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Ages Eligible for Study:   40 Years to 90 Years   (Adult, Older Adult)
Sexes Eligible for Study:   All
Accepts Healthy Volunteers:   No

Inclusion Criteria:

  • Patients undergoing primary shoulder arthroplasty

Exclusion Criteria:

  • Patients with prior shoulder surgery.
  • Patients with a symptomatic infection or history of infection, recent antibiotic use (within six weeks), or with clinical signs of infection such as an elevated ESR, CRP, positive aspiration cultures, or positive biopsy.
  • Patients with a known hypersensitivity to hydrogen peroxide.

Information from the National Library of Medicine

To learn more about this study, you or your doctor may contact the study research staff using the contact information provided by the sponsor.

Please refer to this study by its identifier (NCT number): NCT03057821

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United States, Utah
University of Utah Orthopaedic Center
Salt Lake City, Utah, United States, 84108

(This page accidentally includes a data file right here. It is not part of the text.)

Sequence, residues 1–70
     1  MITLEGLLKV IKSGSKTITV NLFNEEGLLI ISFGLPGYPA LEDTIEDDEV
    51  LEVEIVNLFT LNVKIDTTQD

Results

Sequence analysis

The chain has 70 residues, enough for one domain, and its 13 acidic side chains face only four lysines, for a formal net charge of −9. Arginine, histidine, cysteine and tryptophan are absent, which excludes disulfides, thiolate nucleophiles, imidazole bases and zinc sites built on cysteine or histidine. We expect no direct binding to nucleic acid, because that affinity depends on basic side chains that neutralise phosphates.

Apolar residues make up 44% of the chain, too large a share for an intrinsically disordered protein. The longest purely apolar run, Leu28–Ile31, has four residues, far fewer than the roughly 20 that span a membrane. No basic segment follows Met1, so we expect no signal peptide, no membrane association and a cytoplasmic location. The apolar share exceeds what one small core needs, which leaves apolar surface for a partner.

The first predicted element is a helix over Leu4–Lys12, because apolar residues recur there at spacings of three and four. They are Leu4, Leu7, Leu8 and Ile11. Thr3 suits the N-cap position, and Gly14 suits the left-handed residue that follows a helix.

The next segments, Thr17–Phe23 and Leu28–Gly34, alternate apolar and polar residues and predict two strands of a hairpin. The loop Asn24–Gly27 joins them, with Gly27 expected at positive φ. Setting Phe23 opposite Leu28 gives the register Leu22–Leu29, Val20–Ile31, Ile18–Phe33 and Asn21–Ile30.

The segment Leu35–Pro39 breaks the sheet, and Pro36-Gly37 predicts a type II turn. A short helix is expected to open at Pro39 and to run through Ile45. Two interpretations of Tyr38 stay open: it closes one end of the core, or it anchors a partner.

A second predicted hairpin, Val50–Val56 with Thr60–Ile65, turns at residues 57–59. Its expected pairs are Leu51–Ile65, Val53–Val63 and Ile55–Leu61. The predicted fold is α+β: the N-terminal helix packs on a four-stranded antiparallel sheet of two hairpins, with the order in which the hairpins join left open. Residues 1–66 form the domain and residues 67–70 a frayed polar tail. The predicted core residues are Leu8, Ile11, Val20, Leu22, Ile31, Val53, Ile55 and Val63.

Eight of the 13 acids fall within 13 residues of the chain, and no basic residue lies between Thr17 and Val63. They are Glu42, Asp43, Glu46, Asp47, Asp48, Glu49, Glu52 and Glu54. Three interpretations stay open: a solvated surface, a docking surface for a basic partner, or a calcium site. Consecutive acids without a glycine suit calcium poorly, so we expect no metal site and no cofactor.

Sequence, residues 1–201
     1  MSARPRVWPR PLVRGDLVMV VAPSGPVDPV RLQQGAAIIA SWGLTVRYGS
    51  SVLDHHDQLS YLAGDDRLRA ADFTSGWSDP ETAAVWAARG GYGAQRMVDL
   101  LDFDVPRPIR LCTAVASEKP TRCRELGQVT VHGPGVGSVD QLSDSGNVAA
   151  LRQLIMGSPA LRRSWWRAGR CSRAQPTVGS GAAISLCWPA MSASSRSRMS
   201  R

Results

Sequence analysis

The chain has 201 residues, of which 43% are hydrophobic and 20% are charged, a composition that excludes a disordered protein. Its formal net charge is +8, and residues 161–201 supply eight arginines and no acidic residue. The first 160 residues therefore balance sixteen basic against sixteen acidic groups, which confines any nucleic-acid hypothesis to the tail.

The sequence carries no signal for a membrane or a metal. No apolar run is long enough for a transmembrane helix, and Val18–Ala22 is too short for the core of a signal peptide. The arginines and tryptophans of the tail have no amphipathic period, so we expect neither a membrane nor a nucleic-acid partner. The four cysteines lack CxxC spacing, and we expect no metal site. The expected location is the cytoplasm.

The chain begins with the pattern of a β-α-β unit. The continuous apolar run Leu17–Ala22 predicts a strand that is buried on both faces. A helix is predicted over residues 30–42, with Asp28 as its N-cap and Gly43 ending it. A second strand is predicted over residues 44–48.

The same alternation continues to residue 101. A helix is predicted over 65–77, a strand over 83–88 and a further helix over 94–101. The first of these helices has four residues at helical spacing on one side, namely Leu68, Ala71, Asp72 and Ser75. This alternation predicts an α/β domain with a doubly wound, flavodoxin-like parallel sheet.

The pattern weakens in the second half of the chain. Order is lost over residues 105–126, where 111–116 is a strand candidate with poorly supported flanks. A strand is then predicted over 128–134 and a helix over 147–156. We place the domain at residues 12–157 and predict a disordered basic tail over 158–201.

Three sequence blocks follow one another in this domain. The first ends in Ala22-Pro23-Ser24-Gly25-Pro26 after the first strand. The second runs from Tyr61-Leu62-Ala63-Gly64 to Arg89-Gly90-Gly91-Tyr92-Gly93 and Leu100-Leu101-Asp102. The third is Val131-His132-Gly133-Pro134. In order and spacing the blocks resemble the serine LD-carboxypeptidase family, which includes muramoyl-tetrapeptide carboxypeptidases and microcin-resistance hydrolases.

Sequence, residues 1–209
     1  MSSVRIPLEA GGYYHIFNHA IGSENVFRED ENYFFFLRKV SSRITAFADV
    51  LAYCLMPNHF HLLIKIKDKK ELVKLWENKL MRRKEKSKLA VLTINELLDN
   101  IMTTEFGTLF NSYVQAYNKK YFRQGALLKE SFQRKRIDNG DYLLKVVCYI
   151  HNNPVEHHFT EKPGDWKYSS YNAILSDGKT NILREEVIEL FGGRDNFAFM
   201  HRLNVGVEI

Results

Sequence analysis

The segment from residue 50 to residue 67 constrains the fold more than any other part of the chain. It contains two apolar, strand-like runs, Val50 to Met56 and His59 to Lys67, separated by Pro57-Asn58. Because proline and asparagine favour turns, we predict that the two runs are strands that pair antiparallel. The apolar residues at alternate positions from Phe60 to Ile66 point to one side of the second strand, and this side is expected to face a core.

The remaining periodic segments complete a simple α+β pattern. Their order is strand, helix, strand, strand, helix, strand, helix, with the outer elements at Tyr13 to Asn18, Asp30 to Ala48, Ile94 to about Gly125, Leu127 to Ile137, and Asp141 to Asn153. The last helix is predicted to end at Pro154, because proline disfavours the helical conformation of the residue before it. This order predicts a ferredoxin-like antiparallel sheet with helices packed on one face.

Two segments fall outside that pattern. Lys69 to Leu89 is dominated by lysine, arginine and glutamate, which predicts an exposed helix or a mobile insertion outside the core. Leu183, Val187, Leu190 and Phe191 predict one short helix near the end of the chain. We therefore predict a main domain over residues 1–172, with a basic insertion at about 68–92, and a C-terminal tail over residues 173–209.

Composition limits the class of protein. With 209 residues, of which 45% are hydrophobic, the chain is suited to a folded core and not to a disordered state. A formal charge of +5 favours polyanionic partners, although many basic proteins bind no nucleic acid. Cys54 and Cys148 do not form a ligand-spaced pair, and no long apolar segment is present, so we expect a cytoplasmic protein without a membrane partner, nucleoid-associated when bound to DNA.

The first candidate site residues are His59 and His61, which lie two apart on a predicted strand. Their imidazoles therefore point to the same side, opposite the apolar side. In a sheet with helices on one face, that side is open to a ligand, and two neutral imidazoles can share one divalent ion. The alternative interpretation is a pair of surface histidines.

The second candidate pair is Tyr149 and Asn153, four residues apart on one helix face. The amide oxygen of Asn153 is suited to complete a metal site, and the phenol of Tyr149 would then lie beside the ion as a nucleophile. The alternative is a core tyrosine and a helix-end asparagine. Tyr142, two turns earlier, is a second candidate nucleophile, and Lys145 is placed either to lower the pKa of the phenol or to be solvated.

Sponsors and Collaborators
University of Utah
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Principal Investigator: Peter Chalmers, MD University of Utah
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Responsible Party: Peter Chalmers, Principle Investigator, University of Utah Identifier: NCT03057821    
Other Study ID Numbers: 96964
First Posted: February 20, 2017    Key Record Dates
Last Update Posted: August 30, 2019
Last Verified: August 2019
Individual Participant Data (IPD) Sharing Statement:
Plan to Share IPD: No

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Studies a U.S. FDA-regulated Drug Product: No
Studies a U.S. FDA-regulated Device Product: No
Keywords provided by Peter Chalmers, University of Utah:
hydrogen peroxide
Propionibacterium Acnes
shoulder arthroplasty
Additional relevant MeSH terms:
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Acne Vulgaris
Acneiform Eruptions
Skin Diseases
Sebaceous Gland Diseases
Hydrogen Peroxide
Anti-Infective Agents, Local
Anti-Infective Agents